"Who knows indeed!" said Gandalf. "But there is another way, and not by the pass of Caradhras: the dark and secret way that we have spoken of."

"But let us not speak of it again! Not yet. Say nothing to the others, I beg, not until it is plain that there is no other way."

"We must decide before we go further." Answered Gandalf.

"Then let us weigh the matter in our minds, while the others rest and sleep." Said Aragorn. Devin remained silent for a moment after their conversation ended; but then she set her jaw with determination and quietly pushed herself up and moved closer to them, feeling the time had come to speak. It was now or never.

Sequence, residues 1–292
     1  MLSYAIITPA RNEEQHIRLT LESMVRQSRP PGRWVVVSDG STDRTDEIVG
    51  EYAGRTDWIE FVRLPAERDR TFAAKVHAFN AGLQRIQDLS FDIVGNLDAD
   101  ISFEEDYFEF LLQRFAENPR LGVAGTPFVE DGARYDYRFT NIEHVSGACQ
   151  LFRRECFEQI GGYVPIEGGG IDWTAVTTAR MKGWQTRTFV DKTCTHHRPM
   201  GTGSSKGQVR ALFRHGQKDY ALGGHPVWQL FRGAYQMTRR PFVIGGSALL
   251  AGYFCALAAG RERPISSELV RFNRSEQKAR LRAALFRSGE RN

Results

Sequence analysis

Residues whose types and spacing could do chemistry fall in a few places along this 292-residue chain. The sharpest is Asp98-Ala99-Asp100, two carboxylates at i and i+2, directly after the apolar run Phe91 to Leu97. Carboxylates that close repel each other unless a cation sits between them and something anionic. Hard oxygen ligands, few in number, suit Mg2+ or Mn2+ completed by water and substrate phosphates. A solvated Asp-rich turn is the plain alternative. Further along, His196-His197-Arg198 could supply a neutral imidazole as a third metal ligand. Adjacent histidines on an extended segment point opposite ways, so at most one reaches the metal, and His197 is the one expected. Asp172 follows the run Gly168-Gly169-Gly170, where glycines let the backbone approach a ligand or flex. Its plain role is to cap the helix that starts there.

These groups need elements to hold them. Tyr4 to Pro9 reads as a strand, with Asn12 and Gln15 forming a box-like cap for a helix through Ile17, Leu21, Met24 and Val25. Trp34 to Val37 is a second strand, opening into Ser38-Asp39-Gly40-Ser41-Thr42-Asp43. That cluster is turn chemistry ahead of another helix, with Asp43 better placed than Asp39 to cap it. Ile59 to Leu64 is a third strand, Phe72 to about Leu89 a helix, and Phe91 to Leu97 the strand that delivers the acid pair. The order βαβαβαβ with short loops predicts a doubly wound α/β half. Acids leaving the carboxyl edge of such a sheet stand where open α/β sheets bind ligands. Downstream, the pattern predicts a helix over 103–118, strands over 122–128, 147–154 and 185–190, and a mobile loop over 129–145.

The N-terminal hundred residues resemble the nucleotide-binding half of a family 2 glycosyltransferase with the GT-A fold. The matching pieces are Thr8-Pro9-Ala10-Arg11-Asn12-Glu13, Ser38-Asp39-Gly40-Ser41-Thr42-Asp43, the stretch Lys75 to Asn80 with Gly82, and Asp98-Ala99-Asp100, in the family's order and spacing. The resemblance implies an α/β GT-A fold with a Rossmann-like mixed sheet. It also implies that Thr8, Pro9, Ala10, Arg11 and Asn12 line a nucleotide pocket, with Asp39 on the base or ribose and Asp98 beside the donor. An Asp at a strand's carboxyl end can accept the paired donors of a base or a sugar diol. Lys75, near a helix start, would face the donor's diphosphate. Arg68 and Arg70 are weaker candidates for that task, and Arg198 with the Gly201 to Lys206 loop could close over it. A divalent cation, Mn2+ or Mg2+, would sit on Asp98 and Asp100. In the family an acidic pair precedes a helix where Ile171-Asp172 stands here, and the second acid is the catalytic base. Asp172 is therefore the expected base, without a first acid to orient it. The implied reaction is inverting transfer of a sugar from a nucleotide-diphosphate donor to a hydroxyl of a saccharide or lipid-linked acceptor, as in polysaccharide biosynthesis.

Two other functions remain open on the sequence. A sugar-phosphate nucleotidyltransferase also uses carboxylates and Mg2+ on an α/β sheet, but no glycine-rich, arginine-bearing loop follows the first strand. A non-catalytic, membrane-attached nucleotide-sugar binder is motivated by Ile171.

"May I have a word?" She asked Gandalf in a low voice, trying to be discrete. "A certain matter has been weighing heavily on my mind for some time now, and it concerns you greatly. I have long debated with myself over the matter, and can no longer hold back; I must speak with you, before it is too late." Her words surprised the wizard, and both he and the ranger were concerned by the torn and troubled look in her eyes. Whatever the matter was, it disturbed her greatly. Gandalf nodded and took her aside to hear what she had to say. "I must agree with Aragorn." Devin continued earnestly, keeping to an urgent whisper. "We cannot trust the way through Gap of Rohan so long as we accompany the Ring, but I would sooner risk frostbite than enter the mines. I do not know whether or not I should be telling you this, but I could never forgive myself if I simply stood by and did nothing, and knowingly let a friend march to their death. The dwarves delved too greedily and too deep. In the darkness of Moria, they awakened shadow and flame. It is not of the Ring, nor of the rest of us that I am thinking now, but of you, Gandalf. I fear for your life. I do not wish to pass through the mines." She finished grimly. Even a blind man could see how much speaking of this matter pained her. It was as if she were already mourning his loss.